Without strong data verification, the Global Fund is unable to make sensible funding decisions or measure a program’s impact.
Finally, for many interventions it is difficult to find good baseline information against which to measure future progress. Without knowing the current level of coverage or retention, it isn’t possible to assess marginal improvements. Where this is the case, measurement during the first round of the New Funding Model can serve as the baseline for the second three-year grant cycle, at which point performance-based financing can be fully implemented.
Conceptually, different approaches to assessing grant performance span a continuum: at one end, the grant recipient does all the measurement without any external checks to verify accuracy; at the other, the health funder would assess performance exclusively with independent measurement. In practice, funding agencies usually fall somewhere in the middle.
The Global Fund’s current approach lies toward the left end of the spectrum, where self-reports from recipients are subject to only cursory checks for accuracy and data quality. While there is no one right approach to performance verification, the Global Fund should take the following steps to move rightward along the spectrum.
Approaches to Assessing Grant Performance
Define a Minimum Set of Core Indicators for Independent Verification
The Global Fund should drastically reduce the number of performance indicators by excluding input and output indicators (number of bed nets or condoms distributed), and instead focusing on key health-care coverage and outcome indicators (coverage and retention of ART). Ideally, these indicators will be based on existing scientific evidence and show a clear link between an intervention and health impact. Progress against these indicators should be regularly verified across all grants.
Accurate data assures that performance-based payments reward real improvements to health.
Scale Up Independent Verification to Check the Accuracy and Quality of Self-Reported Results
The Global Fund should set standards for rigorous and representative performance verification, and provide funding for a qualified independent entity, or Local Performance Agent (LPA), to carry out verification on a few of the most essential self-reported program indicators. Information from these checks would help inform funding decisions during the Fund's regular disbursement process, includig those disbursements made via their performance based financing scheme.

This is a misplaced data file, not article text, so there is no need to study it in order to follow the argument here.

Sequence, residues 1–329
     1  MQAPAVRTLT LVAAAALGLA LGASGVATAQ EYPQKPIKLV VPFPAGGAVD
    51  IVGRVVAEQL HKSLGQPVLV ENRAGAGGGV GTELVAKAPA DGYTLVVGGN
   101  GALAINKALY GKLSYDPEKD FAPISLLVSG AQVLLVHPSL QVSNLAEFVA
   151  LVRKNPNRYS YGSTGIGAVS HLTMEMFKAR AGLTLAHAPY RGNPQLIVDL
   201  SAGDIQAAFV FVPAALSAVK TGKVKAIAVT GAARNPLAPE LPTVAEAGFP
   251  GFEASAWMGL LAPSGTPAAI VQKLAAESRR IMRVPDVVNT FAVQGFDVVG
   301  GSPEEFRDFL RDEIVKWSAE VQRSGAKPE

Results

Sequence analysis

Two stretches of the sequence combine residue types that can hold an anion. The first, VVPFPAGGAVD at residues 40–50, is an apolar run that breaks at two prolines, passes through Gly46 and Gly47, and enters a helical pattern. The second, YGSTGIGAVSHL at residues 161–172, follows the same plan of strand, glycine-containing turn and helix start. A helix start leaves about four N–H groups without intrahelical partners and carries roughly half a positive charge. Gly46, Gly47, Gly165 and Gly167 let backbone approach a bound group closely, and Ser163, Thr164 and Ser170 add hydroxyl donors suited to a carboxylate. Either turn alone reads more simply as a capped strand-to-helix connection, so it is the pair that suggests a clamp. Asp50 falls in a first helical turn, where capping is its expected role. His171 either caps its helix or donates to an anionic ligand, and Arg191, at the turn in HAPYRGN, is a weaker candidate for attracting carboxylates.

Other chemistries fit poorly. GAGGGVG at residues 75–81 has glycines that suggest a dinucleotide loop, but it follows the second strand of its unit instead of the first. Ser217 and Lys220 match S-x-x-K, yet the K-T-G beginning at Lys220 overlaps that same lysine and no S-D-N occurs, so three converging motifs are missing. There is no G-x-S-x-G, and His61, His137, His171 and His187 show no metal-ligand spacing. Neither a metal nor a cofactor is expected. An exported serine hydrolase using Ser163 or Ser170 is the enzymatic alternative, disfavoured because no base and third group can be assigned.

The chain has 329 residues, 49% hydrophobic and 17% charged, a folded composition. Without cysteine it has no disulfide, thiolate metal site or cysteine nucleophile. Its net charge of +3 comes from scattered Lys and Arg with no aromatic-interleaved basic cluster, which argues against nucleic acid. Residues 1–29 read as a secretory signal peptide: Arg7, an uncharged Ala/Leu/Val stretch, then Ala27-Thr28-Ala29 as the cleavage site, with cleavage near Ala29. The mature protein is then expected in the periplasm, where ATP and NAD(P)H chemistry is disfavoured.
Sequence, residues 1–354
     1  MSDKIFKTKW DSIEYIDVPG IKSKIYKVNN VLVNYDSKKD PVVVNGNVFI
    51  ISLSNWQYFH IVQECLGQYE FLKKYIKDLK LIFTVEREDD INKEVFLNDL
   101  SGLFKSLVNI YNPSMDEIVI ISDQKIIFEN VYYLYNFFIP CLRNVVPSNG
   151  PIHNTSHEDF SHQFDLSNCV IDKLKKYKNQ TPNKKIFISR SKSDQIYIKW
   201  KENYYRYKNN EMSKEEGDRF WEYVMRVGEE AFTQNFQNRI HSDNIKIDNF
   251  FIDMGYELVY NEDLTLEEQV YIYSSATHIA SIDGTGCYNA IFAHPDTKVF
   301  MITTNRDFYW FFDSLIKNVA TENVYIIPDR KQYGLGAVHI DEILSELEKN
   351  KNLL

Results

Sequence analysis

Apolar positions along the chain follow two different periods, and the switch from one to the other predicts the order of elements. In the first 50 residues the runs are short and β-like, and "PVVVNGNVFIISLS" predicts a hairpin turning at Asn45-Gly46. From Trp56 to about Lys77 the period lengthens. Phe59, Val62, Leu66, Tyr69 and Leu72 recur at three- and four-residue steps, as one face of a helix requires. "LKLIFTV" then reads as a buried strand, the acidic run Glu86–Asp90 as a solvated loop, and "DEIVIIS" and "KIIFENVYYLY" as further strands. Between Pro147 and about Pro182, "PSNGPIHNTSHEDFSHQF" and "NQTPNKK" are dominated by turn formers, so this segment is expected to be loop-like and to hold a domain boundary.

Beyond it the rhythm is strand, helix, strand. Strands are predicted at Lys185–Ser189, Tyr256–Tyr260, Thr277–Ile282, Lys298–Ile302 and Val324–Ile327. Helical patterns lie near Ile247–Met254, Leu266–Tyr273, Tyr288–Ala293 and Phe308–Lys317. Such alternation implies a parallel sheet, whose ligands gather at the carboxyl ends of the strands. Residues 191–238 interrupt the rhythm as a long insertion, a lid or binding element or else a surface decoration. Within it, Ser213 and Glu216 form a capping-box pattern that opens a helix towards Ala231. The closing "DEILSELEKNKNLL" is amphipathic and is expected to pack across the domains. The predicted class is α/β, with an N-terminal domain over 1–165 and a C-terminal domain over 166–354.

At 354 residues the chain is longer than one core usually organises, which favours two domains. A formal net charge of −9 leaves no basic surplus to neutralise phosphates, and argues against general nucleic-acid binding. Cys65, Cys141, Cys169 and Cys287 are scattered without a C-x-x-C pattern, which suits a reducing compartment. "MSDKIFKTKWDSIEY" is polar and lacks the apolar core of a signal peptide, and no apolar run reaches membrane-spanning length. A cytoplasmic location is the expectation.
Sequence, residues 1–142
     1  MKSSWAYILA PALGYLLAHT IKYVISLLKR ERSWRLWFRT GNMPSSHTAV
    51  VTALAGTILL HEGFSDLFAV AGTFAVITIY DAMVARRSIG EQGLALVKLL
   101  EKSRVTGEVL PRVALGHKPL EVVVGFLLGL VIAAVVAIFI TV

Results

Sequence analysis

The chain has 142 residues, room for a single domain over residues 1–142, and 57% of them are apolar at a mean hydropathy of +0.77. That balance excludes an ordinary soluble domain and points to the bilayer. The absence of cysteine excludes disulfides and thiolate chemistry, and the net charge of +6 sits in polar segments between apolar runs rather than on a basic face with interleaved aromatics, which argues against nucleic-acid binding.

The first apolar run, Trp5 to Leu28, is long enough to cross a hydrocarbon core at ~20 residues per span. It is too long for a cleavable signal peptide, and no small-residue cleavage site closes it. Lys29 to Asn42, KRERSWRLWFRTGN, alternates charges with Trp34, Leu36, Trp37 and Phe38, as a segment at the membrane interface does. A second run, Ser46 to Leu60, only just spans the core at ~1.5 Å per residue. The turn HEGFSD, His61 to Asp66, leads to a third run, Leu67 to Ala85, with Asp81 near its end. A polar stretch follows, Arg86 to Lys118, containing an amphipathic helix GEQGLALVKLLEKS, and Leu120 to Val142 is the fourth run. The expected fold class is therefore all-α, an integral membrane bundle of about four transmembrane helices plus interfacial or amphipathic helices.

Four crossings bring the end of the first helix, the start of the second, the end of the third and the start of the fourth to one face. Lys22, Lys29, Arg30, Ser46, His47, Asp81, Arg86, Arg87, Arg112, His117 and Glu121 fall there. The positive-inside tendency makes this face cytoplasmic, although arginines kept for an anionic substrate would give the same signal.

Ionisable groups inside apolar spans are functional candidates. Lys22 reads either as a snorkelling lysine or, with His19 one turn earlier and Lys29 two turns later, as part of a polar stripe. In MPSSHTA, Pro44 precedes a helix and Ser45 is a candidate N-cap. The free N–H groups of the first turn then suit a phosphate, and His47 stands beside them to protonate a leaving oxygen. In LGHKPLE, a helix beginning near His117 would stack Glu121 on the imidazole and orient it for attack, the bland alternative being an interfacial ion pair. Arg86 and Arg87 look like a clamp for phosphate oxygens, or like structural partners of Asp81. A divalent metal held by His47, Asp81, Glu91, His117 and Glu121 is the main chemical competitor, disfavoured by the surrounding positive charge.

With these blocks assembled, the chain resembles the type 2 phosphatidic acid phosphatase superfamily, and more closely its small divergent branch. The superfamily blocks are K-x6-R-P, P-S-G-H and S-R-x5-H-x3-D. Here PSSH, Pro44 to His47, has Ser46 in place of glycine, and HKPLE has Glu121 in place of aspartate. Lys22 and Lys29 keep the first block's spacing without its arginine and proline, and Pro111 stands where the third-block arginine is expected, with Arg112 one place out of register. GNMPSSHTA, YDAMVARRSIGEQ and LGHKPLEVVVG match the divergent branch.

Verification will fall into two broad categories depending on the type of program: clinic-based services and community- or population-based services. For clinic-based services, verification could entail a mix of unannounced on-site data audits at a representative sample of facilities, assessments of service quality and readiness (measuring stock-outs and absenteeism, for example), and interviews with a significant sample of reported program beneficiaries. Where possible, the Global Fund should piggy-back on existing verification efforts such as the President’s Malaria Initiative’s end-use verification of facilities that receive joint support, or the World Bank’s Health Results Innovation Trust Fund in participating countries. For community- or population-based programs (including bed net or condom distribution and behavior change), verification should include a representative annual mini-survey within the target population to assess service coverage and effects to ensure, for example, that people in the targeted community are using bed nets correctly.
Pair Verification with Population-Based Measurement and Formal Impact Evaluation
The Global Fund should pair its regular verification efforts with population-based measurement once per three-year grant, timed to coincide with grant negotiations for the next funding cycle. This would help the Fund measure coverage of key health services among the target population and assess the health trends in that populations that could be connected to Global fund investments. At times, a tailored survey may need to be commissioned. But where possible, the Global Fund could piggy-back on existing population-based measurement exercises, such as the Demographic and Health Surveys. The Global Fund should use formal impact evaluations for new or unproven interventions to determine if they are effective and cost-effective. If so, the Global Fund can expand its eligible interventions list to reflect the evolving evidence base. By doing so, the Global Fund can both support new ideas and innovative strategies, while also ensuring that its resources primarily fund interventions that are proven to save lives or prevent new infections.